Estimating crustal seismic anisotropy with a joint analysis of radial and transverse receiver function data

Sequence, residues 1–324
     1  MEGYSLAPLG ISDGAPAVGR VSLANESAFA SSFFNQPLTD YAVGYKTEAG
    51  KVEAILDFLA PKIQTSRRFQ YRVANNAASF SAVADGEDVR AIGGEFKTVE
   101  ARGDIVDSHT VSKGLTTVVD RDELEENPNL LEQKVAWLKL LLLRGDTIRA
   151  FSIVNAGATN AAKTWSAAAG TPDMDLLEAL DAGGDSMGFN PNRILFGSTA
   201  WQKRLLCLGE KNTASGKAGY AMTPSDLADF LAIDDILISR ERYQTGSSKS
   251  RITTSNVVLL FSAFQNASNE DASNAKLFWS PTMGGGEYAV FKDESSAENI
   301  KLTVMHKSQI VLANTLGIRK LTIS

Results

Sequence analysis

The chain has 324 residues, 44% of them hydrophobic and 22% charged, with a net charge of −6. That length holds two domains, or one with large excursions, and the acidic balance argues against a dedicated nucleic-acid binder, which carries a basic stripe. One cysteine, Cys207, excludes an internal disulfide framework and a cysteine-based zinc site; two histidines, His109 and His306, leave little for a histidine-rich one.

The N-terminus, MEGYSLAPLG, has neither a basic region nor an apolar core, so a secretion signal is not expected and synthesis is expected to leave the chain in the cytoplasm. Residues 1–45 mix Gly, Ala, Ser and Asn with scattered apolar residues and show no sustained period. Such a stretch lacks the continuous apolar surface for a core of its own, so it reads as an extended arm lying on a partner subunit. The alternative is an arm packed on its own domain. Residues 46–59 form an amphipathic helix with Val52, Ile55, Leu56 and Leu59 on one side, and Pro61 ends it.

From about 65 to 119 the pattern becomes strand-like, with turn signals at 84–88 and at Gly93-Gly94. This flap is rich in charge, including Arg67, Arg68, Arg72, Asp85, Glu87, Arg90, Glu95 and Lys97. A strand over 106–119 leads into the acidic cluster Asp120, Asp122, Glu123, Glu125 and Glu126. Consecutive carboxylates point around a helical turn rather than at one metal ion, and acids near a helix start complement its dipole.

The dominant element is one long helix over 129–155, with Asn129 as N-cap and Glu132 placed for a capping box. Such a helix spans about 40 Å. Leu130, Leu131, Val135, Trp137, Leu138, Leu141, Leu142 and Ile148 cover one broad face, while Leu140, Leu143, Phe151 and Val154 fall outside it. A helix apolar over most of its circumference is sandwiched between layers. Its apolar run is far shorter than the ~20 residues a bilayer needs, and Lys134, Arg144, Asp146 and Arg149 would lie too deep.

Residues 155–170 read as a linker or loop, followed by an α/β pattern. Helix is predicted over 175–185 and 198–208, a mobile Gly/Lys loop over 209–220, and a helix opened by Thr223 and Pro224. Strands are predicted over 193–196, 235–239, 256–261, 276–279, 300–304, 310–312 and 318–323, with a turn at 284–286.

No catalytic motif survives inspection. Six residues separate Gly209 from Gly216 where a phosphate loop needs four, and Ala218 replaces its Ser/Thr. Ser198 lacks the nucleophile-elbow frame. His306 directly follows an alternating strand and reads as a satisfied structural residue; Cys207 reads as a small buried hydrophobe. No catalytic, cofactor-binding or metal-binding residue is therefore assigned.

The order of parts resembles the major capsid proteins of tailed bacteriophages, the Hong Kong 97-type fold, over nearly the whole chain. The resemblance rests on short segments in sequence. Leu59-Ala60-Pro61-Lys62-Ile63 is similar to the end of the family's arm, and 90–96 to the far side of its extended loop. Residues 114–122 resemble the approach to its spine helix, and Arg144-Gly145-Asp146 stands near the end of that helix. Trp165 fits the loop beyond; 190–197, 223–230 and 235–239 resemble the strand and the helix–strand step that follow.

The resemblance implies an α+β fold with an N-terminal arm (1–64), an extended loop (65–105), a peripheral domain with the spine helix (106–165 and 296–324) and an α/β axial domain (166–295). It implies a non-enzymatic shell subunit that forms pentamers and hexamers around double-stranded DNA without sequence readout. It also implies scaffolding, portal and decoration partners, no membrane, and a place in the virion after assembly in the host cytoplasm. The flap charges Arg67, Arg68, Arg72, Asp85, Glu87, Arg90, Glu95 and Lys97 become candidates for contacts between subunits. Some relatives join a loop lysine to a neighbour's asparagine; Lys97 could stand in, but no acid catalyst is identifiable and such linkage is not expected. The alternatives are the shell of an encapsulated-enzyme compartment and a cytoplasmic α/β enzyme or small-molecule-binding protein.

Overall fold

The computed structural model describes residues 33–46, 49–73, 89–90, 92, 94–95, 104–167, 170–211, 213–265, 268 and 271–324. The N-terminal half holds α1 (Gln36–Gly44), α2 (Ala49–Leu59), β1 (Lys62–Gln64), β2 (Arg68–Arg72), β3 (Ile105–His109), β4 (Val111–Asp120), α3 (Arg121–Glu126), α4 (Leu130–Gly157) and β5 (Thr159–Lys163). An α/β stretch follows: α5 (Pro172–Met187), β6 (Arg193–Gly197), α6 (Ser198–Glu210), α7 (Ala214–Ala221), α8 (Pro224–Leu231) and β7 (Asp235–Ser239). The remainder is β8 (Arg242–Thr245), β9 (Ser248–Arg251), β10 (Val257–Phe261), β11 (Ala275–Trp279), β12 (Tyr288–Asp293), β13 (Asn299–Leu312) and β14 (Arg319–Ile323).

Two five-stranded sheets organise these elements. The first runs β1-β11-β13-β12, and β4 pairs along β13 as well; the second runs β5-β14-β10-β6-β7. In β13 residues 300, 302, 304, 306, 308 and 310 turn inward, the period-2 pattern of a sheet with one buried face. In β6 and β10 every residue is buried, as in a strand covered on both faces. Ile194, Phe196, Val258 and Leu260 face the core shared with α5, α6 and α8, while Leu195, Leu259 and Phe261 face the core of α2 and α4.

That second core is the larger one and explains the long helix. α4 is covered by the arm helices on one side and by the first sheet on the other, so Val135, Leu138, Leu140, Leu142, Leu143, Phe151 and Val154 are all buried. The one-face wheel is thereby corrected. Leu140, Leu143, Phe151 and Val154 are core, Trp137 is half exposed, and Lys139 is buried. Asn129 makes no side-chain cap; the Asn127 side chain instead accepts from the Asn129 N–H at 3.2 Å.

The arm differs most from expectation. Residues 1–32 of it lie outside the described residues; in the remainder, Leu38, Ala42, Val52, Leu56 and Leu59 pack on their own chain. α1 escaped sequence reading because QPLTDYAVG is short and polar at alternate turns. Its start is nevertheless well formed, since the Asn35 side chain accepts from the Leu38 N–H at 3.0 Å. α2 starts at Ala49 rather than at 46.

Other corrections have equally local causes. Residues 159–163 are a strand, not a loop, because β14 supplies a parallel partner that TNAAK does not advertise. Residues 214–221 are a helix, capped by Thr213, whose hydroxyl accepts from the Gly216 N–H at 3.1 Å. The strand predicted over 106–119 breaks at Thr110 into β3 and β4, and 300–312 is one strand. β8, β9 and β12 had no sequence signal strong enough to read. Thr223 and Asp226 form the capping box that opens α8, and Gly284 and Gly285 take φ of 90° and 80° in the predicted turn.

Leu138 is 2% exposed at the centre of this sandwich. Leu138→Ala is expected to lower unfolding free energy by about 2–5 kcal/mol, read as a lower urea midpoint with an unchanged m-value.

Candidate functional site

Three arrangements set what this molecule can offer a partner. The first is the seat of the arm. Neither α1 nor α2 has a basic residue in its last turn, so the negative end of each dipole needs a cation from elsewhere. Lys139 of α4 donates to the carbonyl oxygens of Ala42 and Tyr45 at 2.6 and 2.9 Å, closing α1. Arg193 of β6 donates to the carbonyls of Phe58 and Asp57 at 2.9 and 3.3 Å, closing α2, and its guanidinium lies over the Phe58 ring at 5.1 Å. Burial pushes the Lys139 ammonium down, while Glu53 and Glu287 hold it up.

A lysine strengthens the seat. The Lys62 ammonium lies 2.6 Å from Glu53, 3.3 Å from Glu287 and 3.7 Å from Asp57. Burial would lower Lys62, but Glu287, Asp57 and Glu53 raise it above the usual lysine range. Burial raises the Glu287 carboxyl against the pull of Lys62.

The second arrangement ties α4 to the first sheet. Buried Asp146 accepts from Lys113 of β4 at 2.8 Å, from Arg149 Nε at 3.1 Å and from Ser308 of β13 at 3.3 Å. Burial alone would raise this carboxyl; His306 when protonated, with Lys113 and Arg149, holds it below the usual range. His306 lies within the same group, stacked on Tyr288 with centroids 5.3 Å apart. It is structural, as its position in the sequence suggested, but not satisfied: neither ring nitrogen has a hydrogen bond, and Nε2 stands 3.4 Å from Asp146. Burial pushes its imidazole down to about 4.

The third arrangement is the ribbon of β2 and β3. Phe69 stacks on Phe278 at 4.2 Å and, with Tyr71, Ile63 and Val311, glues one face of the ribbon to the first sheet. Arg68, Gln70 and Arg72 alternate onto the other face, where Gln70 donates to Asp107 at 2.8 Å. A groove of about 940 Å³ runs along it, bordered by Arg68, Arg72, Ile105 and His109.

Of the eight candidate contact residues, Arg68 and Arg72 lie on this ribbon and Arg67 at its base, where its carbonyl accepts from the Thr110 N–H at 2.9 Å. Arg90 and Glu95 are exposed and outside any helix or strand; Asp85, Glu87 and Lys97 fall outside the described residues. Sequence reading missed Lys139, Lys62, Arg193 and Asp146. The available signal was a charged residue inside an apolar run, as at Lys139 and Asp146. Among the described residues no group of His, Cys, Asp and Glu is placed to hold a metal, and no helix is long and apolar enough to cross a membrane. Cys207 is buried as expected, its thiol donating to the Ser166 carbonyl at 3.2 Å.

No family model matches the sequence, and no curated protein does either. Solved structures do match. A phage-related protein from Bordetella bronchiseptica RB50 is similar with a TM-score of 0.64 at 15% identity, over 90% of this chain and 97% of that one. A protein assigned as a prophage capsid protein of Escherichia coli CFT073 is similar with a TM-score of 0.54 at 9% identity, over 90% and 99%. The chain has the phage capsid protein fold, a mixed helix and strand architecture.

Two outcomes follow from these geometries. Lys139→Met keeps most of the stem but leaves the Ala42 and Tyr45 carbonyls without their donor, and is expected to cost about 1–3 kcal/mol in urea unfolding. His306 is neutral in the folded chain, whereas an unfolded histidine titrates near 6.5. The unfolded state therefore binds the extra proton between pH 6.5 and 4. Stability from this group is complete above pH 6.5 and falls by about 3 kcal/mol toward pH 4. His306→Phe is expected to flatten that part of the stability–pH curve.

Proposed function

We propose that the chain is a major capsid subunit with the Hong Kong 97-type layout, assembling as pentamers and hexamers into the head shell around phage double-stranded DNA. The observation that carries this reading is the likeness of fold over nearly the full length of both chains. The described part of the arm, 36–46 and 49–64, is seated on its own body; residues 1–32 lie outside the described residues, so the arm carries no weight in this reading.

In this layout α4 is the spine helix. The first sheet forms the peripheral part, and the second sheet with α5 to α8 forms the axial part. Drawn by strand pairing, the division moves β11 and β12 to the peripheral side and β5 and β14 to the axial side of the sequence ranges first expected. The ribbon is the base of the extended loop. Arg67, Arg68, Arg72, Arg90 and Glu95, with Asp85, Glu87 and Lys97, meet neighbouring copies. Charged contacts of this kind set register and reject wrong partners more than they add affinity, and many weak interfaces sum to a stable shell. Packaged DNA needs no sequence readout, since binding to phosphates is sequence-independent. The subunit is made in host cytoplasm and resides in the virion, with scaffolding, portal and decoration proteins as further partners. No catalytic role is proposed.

We developed an integrated technique for estimating crustal anisotropy with a horizontal axis using radial (R) and transverse (T) receiver functions. The technique includes computing three individual and one joint objective function (JOF) and a reliability analysis of the estimated anisotropy. The individual objective functions (IOFs) are designed to: (1) maximize the peak energy of the stacked R receiver function after a cosine moveout correction in the Ps arrival time; (2) to maximize the correlation of the radial receiver functions after a full correction of anisotropy or (3) to minimize the total energy of transverse receiver functions stacked after a removal of crustal anisotropy. The JOF was computed by a weighted average of the three IOFs, and the reliability analysis uses the principle that stacking coherent signals can lead to an increase of signal-to-noise ratio. We applied the technique to synthetic receiver functions generated with 30–60 per cent white noise from a variety of anisotropic and heterogeneous models. The synthetic tests indicate that the proposed technique has good capability to recover the input models. Despite the presence of random and other coherent noises, such as those caused by inhomogeneous structures, in the data, the technique can always provide accurate estimates of crustal anisotropy. We applied the technique to two permanent seismic stations in western China and found significant crustal anisotropy beneath one station located at the northern edge of the Tibetan plateau. The observed fast polarization direction at this station follows the direction of the maximum horizontal tensile stress, suggesting that the observed seismic anisotropy is likely caused by mineral alignment in the lower crust. The station situated in the Sichuan basin, on the other hand, shows little to no seismic anisotropy, which may suggest that the crust beneath the basin is nearly rigid with very little deformation. The developed technique can be applied to any broadband seismic stations that have a good backazimuthal coverage of teleseismic events.